I find it hard to believe that you can buy a little radar-based motion detector for less than a quid (definitely don’t buy these off Amazon as they are at a rip-off price compared to AliExpress). And it’s especially difficult to believe that it works with no problems! As you can see from the image, I’ve soldered a few headers onto the board so that I can plonk it onto a breadboard. I think my soldering station needs a new soldering tip as the solder kept rolling around the header. The solder eventually settled and took, but I was scared I was going to fry the board with the 360 degree heat from the soldering tip. I just left a time gap between soldering each header to let it cool down before moving onto the next one.
The first thing I did was to see whether I could get it working with an Arduino, and it couldn’t be any more simple. Check this page: RCWL-0516 microwave radar motion sensor for Arduino test and review for details. In essence you actually only need three pins for this to work. You need ground and vcc obviously, and then you just need to connect the ‘OUT’ to a pin on your Arduino. I believe you can attach the OUT pin to a PWM pin on the arduino, but I just attached it to pin 8 (a straight digital one) because that was good enough for my purposes. I uploaded the sketch (from the website link above) to my Arduino and sure enough, every time I moved, it triggered the LED on pin 13 on the board. I used a 10 k resistor on the OUT pin, which is overkill I think, but it was the only one I had to hand as I really didn’t want to go trawling through everything to find one. I think you’ll be able to use a resistor with a much lower value than that. In fact, I’ve read other articles where the author hasn’t used one at all.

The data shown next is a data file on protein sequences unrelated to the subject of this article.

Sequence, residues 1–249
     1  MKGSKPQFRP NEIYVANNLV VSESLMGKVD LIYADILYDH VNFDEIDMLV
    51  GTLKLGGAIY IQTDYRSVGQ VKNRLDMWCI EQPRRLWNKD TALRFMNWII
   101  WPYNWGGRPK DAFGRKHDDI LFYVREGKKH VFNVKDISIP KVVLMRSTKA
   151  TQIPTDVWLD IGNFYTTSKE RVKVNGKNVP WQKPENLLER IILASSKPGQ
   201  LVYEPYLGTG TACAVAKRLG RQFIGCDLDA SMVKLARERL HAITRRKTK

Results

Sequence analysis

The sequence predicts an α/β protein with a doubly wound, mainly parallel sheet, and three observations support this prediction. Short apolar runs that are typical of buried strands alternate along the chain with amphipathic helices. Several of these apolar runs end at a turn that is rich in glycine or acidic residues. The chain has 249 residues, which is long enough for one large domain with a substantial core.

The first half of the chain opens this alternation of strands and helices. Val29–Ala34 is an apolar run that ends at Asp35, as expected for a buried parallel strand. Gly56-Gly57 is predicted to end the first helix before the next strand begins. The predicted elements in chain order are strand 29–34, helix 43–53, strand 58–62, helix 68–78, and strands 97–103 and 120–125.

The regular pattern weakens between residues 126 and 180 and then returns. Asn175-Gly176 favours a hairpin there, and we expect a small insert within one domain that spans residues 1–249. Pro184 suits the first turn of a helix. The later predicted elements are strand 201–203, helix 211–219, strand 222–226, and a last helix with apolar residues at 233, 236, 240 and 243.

Anyway, the next thing to do was to see whether I could power an ATMEGA328 from the 3.3v pin on the RWCL board. According to this link https://github.com/jdesbonnet/RCWL-0516, you could get 100ma over this pin. Only one way to find out! I set up the ATMEGA chip as you would normally do on a breadboard (there’s plenty of tutorials how to do this on the Internet, just Google it), and linked it to the RCWL board, with digitial pin 8 going to the OUT pin as before. Again I managed to get the LED on pin 13 to light up.
The next thing to try was to see if I can get a NRF24L01 chip running with the same set up, and after a day of trial end error, I managed to get a transmission working through my existing set up. Just need to refine the sketch now, but at least I got it working with the NRF chip which I wasn’t expecting to work given the small amount of power available from the 3.3v pin.
Will give a further write up and illustrations once I have done enough work on this to know it’s reliable.